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#3939 - Thursday, July 1, 2010 - Editor: Gloria Lee

The Nonduality Highlights

 

The Gap:

Sudden thoughts
The ground of nowness
True eyes
Sees the gap right through
Nowness
Doesn't matter what it looks like
Its the only hope
For awakening on the spot
Now or never
Is the reality of awakening

         ~Dzogchen Ponlop Rinpoche


from the website  http://dpr.info/

posted to Daily Dharma by Anipachen


Living Buddhas

One of the great Mahayana innovations was seeing the Buddha not as one particular man in ancient India but as someone signifying transformation brought about by wisdom. Thus Buddha could manifest as any number of people in any number of eras and cultures. What's most important is the Buddha's wisdom, not so much the man who was once a prince of the Shakyas. So from the perspective of those schools that came after the Buddha, they did not repudiate the Pali canon, but set it aside for teachings from living Buddhist masters who were considered more relevant spokespeople for the awakened mind. That's what keeps the tradition vital and evolving. Even today, the contemporary idiom of living teachers is generally considered more useful than the words of the historical Buddha.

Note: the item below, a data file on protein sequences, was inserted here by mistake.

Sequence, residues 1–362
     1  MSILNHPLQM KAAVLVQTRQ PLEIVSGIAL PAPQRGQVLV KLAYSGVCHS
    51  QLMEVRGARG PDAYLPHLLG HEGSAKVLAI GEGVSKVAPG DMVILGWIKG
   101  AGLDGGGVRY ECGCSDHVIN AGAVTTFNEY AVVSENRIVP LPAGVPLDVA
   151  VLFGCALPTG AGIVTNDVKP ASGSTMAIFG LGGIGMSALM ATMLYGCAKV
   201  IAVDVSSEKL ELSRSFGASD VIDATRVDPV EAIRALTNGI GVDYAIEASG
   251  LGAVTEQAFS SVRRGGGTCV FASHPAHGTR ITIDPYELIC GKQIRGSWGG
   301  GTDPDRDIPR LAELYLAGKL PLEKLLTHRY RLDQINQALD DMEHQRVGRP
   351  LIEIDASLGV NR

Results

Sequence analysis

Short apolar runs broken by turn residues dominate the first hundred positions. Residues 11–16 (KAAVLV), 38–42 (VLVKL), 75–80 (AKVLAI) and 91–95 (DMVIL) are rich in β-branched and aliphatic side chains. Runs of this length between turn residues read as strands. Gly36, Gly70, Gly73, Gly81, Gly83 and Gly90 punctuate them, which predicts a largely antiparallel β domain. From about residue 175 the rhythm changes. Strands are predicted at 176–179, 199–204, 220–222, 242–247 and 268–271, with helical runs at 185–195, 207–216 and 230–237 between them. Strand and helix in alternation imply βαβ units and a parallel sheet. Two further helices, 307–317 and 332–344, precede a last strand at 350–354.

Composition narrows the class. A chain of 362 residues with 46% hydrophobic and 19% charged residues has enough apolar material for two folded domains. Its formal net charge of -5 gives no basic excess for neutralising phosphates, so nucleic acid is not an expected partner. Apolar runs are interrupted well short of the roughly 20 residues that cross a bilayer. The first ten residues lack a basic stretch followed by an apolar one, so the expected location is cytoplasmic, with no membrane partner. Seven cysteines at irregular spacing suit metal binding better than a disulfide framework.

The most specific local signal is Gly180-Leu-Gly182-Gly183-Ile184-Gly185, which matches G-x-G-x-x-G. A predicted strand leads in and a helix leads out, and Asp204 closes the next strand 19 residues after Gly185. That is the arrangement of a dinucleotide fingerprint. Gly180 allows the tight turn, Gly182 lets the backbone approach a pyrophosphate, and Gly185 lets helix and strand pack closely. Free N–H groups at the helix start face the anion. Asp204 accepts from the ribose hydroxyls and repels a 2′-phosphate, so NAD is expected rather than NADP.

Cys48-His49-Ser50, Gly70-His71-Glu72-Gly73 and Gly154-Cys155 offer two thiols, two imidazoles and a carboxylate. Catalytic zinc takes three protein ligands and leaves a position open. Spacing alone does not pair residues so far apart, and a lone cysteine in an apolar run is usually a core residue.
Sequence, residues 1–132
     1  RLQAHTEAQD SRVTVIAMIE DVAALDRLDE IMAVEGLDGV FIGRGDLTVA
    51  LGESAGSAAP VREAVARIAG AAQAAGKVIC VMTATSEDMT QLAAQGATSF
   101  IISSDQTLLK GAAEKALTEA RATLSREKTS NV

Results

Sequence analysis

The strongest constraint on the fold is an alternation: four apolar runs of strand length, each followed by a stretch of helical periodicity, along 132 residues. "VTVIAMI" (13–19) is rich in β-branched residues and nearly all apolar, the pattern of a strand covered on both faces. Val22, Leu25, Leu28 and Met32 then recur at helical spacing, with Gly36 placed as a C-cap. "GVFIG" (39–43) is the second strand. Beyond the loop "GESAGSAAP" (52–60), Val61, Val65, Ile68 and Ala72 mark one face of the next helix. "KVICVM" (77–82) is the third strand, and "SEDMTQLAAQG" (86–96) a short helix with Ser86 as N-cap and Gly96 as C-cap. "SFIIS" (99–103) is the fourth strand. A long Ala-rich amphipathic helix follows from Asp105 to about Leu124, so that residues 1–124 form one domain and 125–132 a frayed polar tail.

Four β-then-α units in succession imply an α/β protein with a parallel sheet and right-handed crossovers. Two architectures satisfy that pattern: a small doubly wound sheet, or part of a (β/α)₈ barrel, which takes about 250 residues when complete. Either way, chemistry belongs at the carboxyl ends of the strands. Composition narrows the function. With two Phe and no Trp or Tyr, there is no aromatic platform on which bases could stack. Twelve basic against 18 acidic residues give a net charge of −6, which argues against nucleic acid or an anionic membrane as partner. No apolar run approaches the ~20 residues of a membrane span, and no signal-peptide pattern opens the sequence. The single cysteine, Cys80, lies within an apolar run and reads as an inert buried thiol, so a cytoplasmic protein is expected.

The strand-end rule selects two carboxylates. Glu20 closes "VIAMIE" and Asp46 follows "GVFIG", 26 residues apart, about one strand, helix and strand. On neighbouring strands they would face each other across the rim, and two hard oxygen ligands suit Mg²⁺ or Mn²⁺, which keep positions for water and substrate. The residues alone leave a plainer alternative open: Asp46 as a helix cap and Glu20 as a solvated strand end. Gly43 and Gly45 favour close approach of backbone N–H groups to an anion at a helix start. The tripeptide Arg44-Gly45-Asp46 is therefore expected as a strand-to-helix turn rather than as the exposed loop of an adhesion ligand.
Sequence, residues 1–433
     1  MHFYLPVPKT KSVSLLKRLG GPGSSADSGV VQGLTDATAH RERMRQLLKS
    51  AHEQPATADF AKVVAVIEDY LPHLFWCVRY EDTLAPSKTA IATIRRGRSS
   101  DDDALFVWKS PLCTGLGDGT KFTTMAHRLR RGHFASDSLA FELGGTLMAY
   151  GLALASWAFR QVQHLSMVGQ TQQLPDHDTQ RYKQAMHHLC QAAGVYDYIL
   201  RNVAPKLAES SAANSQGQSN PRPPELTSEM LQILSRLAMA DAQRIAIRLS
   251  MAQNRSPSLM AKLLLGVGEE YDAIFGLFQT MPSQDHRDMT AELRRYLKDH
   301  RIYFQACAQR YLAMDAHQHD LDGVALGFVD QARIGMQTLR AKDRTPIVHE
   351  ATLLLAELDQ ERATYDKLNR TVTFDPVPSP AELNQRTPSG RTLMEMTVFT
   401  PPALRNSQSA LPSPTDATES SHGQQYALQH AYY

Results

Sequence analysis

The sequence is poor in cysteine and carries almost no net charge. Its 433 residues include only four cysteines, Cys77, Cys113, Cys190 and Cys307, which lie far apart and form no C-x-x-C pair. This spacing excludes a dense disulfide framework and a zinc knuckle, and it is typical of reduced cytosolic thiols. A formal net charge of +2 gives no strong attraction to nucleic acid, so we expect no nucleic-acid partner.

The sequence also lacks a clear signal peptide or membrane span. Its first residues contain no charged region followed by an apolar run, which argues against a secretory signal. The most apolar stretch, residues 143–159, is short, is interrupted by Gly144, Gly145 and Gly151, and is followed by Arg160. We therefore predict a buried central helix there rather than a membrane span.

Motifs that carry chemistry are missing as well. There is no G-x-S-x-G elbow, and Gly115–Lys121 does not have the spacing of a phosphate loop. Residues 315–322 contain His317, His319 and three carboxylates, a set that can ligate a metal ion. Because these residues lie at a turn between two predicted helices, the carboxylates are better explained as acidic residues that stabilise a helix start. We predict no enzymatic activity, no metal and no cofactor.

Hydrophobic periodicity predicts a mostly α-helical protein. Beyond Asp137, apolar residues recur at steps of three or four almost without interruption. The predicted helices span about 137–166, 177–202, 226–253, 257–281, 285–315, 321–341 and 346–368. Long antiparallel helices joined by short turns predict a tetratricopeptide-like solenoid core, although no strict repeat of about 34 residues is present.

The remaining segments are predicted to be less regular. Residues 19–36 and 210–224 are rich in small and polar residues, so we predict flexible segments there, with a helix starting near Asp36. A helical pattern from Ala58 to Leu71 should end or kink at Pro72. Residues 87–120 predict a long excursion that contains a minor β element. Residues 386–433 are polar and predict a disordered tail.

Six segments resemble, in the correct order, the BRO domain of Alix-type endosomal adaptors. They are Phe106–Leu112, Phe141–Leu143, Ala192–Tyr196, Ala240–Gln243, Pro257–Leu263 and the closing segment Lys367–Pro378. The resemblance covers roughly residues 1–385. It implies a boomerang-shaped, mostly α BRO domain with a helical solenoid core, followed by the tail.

Andrew Olendzki, "Back to the Beginning" (Winter 2003)

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photo by Mazie Lane


How To Find True Solitude

Being alone means you are established firmly in the here and the now and you become aware of what is happening in the present moment. You use your mindfulness to become aware of every feeling, every perception you have. You're aware of what's happening around you in the sangha, but you're always with yourself, you don't lose yourself. That's the Buddha's definition of the ideal practice of solitude: not to be caught in the past or carried away by the future, but always to be here, body and mind united, aware of what is happening in the present moment. That is real solitude.

 

Thich Nhat Hanh, The Heart of the Matter (Winter 2009)

 

Read the complete article here.

 


 

Why Bodhidharma Went to Howard Johnson's    

"Where is your home," the interviewer asked him.  

Here.  

"No, no," the interviewer said, thinking it a problem of translation,
"when you are where you actually live."
 

Now it was his turn to think, perhaps the translation?  

~ Jane Hirshfield ~      

(The Wisdom Anthology of North American Buddhist Poetry)  
 
   
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